Organisers have turned off some of the dedicated Olympic Games lanes as officials opt to travel by public transport, Boris Johnson has said.

The London Mayor insisted he was pleased with the way the capital's transport network was operating during the Olympics so far as ministers and the Prime Minister met at the Cabinet Office.

David Cameron, who chaired the Government's Cobra contingency committee, told waiting reporters that any organisational challenges would be surmounted.

He said: "I've just actually come on the Tube myself to see what the traffic situation's like, not too bad, the Bakerloo Line's going alright.

"But lots of challenges, we've got to overcome them one by one, I think everything at the moment is looking good."

Mr Johnson revealed president of the International Olympic Committee Jacques Rogge had travelled on the Docklands Light Railway instead of by car in one of the lanes.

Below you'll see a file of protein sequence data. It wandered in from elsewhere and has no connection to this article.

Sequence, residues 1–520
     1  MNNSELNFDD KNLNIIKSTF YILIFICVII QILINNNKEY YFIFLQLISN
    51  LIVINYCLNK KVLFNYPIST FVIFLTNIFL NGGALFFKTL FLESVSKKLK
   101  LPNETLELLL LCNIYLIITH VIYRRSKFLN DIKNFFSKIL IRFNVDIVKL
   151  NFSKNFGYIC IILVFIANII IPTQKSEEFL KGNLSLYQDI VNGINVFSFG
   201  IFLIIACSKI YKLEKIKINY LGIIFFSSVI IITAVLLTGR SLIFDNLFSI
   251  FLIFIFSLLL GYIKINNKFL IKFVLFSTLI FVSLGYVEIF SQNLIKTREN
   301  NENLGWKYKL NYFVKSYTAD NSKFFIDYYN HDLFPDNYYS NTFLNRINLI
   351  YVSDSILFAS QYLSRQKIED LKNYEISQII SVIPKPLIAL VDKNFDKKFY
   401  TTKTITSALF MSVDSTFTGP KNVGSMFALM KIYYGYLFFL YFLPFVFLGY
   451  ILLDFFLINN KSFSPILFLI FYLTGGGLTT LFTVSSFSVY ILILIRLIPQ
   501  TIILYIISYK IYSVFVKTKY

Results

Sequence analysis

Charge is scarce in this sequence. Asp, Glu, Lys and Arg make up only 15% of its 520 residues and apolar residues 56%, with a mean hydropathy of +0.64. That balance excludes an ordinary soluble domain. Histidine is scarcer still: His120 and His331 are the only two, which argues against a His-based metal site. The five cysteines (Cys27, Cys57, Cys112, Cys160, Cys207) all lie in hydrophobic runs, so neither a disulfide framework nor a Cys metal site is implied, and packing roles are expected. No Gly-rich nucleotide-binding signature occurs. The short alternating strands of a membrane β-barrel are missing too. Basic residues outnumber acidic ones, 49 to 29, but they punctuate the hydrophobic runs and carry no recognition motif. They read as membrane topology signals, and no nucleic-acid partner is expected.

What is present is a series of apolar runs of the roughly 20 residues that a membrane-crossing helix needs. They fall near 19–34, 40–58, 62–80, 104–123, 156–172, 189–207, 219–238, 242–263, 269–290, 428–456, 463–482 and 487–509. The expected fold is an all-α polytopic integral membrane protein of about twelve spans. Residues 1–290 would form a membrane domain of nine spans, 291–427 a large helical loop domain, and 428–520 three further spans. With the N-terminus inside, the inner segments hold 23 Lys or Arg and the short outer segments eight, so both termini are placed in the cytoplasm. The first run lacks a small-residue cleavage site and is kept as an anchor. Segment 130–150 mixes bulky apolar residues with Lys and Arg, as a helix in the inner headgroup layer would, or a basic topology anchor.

Mr Johnson said: "Obviously the transport, we're pleased with the way it's working so far, everybody at London Bridge was working well, the Tube is working well, the ORN.

"Actually, we've been able to turn off a lot of the Games lanes because so many people are going by public transport.

"It turns out a lot of the Olympic bureaucrat types who could go in the Games lanes, the T3 people as they're called, are using public transport.

"Jacques Rogge himself today took the DLR, I'm proud to say, and was conveyed in stately style and comfort he'd expect on the DLR, and a lot of them are doing that and that is good news."